Advertisement

Toward a Comprehensive Legal Information Retrieval System

  • Daphne Gelbart
  • J. C. Smith

Abstract

The construction of comprehensive legal information systems require at least three different kinds of mechanisms of information retrieval and knowledge representation, ranging from domain-specific and knowledge-based to fully automatic and general purpose. This paper describes how different information needs are satisfied by different architectures, and in particular how the FLEXICON System[1] being developed by the FLAIR team can replace Boolean word searches with a system of information retrieval using weighted conceptual profiles to search automatically indexed databases.

Keywords

Information Retrieval Expert System Relevance Feedback Information Retrieval System Inverted Index 
These keywords were added by machine and not by the authors. This process is experimental and the keywords may be updated as the learning algorithm improves.

Preview

Unable to display preview. Download preview PDF.

Unable to display preview. Download preview PDF.

References

  1. [1]
    Copyright 1989, Daphne Gelbart and J.C. Smith.Google Scholar
  2. [2]
    Smith, J.C. and C. Deedman. The Application of Expert Systems Technology to Case-Based Reasoning. Proc. 1st International Conference on Artificial Intelligence and Law (Boston) A.C.M. Press, New York, 1987, p. 84.Google Scholar
  3. [3]
    MacCrimmon, Marilyn T. Expert Systems in Case-Based Law: The Hearsay Rule Advisor. Proc. 2nd International Conference on Artificial Intelligence and Law (Vancouver) A.C.M. Press, New York, 1989Google Scholar
  4. [4]
    Rissland, Edwina L. and Kevin D. Ashley. A Case-Based System for Trade Secrets Law. Proc. 1st International Conference on Artificial Intelligence and Law (Boston) A.C.M. Press, New York, 1987, p. 60.Google Scholar
  5. [5]
    Ashley, Kevin D. Modelling Legal Arguments: Reasoning with Cases and Hvpotheticals. MIT Press, Cambridge, Mass., 1990 (in press).Google Scholar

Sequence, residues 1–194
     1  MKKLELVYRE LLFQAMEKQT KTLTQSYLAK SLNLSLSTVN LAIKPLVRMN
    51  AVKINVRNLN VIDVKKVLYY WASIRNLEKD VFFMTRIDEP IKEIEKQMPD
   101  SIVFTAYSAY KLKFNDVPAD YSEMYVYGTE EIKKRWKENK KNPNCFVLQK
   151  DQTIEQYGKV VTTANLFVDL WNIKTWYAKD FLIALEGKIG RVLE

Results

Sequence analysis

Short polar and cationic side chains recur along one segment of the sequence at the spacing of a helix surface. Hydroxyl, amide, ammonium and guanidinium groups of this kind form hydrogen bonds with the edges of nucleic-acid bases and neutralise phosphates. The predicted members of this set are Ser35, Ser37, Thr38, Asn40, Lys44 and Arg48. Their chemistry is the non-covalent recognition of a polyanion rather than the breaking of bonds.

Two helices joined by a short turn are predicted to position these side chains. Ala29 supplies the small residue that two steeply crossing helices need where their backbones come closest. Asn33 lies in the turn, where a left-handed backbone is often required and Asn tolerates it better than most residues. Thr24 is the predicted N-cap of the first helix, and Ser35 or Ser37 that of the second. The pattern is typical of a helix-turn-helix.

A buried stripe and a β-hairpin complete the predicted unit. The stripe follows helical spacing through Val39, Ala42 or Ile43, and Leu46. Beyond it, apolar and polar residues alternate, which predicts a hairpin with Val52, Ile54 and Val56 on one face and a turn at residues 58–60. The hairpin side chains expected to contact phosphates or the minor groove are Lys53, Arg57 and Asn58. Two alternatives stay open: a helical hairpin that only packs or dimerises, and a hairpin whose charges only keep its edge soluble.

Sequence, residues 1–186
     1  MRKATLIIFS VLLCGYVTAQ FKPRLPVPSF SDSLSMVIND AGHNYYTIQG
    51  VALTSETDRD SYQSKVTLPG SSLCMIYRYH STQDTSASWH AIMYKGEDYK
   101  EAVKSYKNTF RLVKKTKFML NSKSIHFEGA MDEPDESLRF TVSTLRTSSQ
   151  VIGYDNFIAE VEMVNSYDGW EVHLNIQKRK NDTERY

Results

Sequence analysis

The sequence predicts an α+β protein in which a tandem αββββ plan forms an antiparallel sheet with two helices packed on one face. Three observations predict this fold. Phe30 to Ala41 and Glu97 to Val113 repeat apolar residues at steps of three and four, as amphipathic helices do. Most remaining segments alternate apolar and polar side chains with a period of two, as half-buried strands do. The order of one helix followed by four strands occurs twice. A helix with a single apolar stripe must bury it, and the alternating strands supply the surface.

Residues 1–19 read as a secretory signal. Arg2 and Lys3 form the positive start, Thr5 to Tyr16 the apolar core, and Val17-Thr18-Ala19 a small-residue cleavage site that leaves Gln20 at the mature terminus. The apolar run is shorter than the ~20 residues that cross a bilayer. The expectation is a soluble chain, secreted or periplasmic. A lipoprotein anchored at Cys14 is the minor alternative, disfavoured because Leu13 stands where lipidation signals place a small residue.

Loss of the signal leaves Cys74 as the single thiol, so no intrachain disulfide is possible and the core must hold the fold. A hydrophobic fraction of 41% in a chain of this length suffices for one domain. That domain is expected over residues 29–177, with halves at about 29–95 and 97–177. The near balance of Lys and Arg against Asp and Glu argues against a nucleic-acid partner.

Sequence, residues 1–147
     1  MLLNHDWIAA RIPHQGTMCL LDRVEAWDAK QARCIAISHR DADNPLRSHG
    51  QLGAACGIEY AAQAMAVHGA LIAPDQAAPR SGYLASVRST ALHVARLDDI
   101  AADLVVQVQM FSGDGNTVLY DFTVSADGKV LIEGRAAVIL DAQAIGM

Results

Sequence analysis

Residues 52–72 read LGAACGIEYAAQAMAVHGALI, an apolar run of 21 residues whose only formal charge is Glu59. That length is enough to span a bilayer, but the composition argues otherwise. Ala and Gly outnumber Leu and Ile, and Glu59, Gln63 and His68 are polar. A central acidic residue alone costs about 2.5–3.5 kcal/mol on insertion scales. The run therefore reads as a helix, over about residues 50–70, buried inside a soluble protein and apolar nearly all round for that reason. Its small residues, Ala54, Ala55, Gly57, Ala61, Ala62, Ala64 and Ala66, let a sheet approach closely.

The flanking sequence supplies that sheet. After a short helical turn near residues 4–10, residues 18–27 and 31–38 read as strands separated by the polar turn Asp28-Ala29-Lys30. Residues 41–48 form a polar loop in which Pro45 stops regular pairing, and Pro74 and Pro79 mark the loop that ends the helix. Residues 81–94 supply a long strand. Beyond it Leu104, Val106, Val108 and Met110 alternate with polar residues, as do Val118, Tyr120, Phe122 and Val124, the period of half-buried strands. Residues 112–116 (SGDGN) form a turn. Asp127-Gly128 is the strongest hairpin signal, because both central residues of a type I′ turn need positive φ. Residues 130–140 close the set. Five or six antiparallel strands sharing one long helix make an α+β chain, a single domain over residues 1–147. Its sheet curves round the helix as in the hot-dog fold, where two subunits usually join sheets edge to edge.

6. [6]
    Susskind, Richard E. Expert Systems in Law. Oxford University Press, Oxford, 1987.Google Scholar
  7. [7]
    Belew, Richard K. A Connectionist Approach to Conceptual Information Retrieval. Proc. 1st International Conference on Artificial Intelligence and Law (Boston) A.C.M. Press, New York, 1987, p. 116.Google Scholar
  8. [8]
    Rose, Daniel E. and Richard K. Belew. Legal Information Retrieval: A Hybrid Approach. Proc. 2nd International Conference on Artificial Intelligence and Law (Vancouver) A.C.M. Press, New York, 1989, p. 138.Google Scholar
  9. [9]
    Salton, G. and M.J. McGill. Introduction to Modern Information Retrieval McGraw-Hill, 1983.Google Scholar
  10. [10]
    Salton, G. Automatic Text Processing Addison-Wesley, 1989.Google Scholar
  11. [11]
    Salton, G. and C. Buckley. Term Weighting Approaches in Automatic Text Retrieval. Information Processing and Management Vol 24 (1988), p 513.Google Scholar
  12. [12]
    Buckley C. Optimization of Inverted Vector Searches. Eighth Annual International ACM SIGIR Conference on Research and Development in Information Retrieval Montreal, 1985.Google Scholar
  13. [13]
    A prime example of a menu-driven legal information system is the Sentencing Database developed by John Hogarth as part of the UBC Faculty of Law-IBM Canada Cooperative Project, now marketed by the LIST Foundation.Google Scholar

Copyright information

© Springer-Verlag/Wien 1990

Authors and Affiliations

  • Daphne Gelbart
    • 1
  • J. C. Smith
    • 1
  1. 1.Faculty of Law Artificial Intelligence Research ProjectUniversity of British ColumbiaVancouverCanada

Personalised recommendations